An unpublished opinion of the North Carolina Court of Appeals does not constitute controlling legal authority. Citation is disfavored, but may be permitted in accordance with the provisions of Rule 30(e)(3) of the North Carolina Rules of Appellate Proced ure.

    NO. COA02-1140


Filed: 20 May 2003


         v.                        Ashe County
                                No. 00 CRS 248

    Appeal by defendant from order signed 19 March 2002 by Judge Lindsay R. Davis, Jr., in Ashe County Superior Court. Heard in the Court of Appeals 5 May 2003.

    Attorney General Roy Cooper, by Special Deputy Attorney General Isaac T. Avery, III, and Assistant Attorney General Patricia A. Duffy, for the State.

    Robert T. Speed for defendant appellant.

    McCULLOUGH, Judge.

    On 12 February 2000, North Carolina Highway Patrolman C.P. Olive (Olive) stopped defendant, Howard Lyle, who was driving on a public street without a seat belt. Defendant pulled into a parking lot across the street from his business. Trooper Olive approached defendant's vehicle and “noticed an odor of alcohol” about defendant's person. After giving defendant an Alcosensor test, Trooper Olive arrested defendant for driving while impaired and driving without a seat belt fastened. Trooper Olive placed defendant in the patrol vehicle to transport defendant to the Law Enforcement Center for an Intoxilyzer test. Defendant's wife, who was working at the business, came outside to the patrol car. Trooper Olive informed defendant's wife that he was taking defendant to the Law Enforcement Center and did so.
    Defendant was later convicted of all charges in district court. Thereafter, defendant appealed to the superior court. Defendant moved to suppress the Intoxilyzer test and have his case dismissed on the grounds that he was denied access to a witness to observe his Intoxilyzer test in violation of N.C. Gen. Stat. § 20- 16.2(a)(6) (2001). Defendant pled guilty to the crime of driving while impaired after the court denied his motion to suppress the Intoxilyzer test at a pretrial conference. As part of the plea arrangement, defendant preserved his right to appeal the denial of this motion pursuant to N.C. Gen. Stat. § 15A-979(b) (2001); State v. Brown, 142 N.C. App. 491, 543 S.E.2d 192 (2001). Defendant appeals from the denial of his motion to suppress.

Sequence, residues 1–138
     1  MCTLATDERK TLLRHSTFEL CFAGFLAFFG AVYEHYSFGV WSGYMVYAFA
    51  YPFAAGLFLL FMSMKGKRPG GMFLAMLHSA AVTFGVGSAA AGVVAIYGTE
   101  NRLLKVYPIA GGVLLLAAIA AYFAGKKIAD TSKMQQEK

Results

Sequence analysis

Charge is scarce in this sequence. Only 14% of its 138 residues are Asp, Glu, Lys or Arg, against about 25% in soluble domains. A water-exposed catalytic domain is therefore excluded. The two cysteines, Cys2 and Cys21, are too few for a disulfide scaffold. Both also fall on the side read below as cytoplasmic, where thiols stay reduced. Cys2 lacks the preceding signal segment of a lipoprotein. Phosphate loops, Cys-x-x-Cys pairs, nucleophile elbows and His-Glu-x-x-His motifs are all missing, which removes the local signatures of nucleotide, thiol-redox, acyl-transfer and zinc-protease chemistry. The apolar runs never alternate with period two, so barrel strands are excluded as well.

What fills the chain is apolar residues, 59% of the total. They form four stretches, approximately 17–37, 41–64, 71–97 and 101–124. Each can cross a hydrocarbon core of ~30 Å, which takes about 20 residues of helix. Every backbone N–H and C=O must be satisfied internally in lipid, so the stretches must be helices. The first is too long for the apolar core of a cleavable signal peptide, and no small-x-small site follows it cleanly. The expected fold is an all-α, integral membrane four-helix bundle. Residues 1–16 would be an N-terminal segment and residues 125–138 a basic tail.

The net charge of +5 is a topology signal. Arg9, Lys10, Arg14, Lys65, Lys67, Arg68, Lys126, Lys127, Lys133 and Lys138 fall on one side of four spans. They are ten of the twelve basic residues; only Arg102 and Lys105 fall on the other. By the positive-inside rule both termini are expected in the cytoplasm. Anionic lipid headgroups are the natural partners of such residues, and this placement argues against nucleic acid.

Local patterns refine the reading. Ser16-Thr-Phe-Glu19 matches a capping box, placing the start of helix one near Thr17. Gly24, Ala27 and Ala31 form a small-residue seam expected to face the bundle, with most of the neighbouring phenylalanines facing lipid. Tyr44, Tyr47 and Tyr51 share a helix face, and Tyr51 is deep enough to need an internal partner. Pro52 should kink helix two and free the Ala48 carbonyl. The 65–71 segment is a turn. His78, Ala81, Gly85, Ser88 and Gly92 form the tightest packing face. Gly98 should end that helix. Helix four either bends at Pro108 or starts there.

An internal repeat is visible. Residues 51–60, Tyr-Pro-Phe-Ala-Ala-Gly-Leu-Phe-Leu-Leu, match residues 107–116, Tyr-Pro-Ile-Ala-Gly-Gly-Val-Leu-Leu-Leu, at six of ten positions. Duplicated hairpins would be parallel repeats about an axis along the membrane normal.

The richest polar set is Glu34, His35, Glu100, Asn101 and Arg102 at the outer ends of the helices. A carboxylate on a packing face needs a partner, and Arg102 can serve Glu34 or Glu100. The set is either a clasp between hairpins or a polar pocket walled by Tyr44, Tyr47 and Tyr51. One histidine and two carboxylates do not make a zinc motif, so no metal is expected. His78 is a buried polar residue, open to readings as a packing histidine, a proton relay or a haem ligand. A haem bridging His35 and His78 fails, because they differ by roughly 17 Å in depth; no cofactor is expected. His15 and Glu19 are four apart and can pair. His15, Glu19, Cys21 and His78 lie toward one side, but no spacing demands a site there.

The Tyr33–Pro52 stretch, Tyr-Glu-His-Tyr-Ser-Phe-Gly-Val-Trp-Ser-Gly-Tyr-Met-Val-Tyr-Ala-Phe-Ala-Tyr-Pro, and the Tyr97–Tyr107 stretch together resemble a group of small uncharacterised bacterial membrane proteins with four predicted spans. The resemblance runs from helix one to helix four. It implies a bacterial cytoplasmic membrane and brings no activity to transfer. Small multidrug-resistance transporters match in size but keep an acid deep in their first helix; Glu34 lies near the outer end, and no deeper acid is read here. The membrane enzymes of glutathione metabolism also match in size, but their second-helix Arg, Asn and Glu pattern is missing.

The trial court's findings with respect to defendant's motion to suppress are as follows:
            14. Trooper Lyle arrived at the LEC before Mrs. Lyle, and parked his patrol car in the LEC “sally port.”

            15. When Mrs. Lyle arrived at the LEC, she parked outside the “front” entrance, and walked around to the sally port.

            16. Mrs. Lyle saw that the sally port door was closed and that a patrol car was parked inside.

            17. Mrs. Lyle entered the “front” door and spoke with a dispatcher for the Ashe County Sheriff's Department.

            18. Mrs. Lyle told the dispatcher that she was there to see the defendant.
            19. The dispatcher told Mrs. Lyle that her husband was “being processed,” and that she could see him after processing.

            20. The dispatcher told Mrs. Lyle that she could wait in the area outside the dispatch office, but Mrs. Lyle felt cold there and told the dispatcher that she would sit in her vehicle, which she did.

            21. Trooper Olive read the defendant his Intoxilyzer rights at approximately 6:58 p.m. on February 12, 2000.

            22. After hearing those rights, the defendant attempted to telephone an attorney, John Kilby, but was advised that Mr. Kilby was out of town.

            23. The defendant then attempted to telephone his wife, telling Trooper Olive that he wanted her to be a witness to the Intoxilyzer test.

            24. The defendant was unable to locate Mrs. Lyle by telephone, did speak by telephone with an employee of his business, but did not request that employee come to the LEC to witness the test.

            25. At some point before the test was administered, Trooper Olive spoke by telephone with someone, and after the conversation told the defendant that Mrs. Lyle was not present.

            26. Neither Trooper Olive nor anyone at the LEC attempted to locate Mrs. Lyle, or to invite her into the Intoxilyzer room at the LEC, for the purpose of allowing her to witness the Intoxilyzer test.

            27. At least once after she had initially left the LEC to sit in her vehicle, Mrs. Lyle re-entered the LEC to inquire about the defendant, and was told by the dispatcher that “processing” was nearly complete.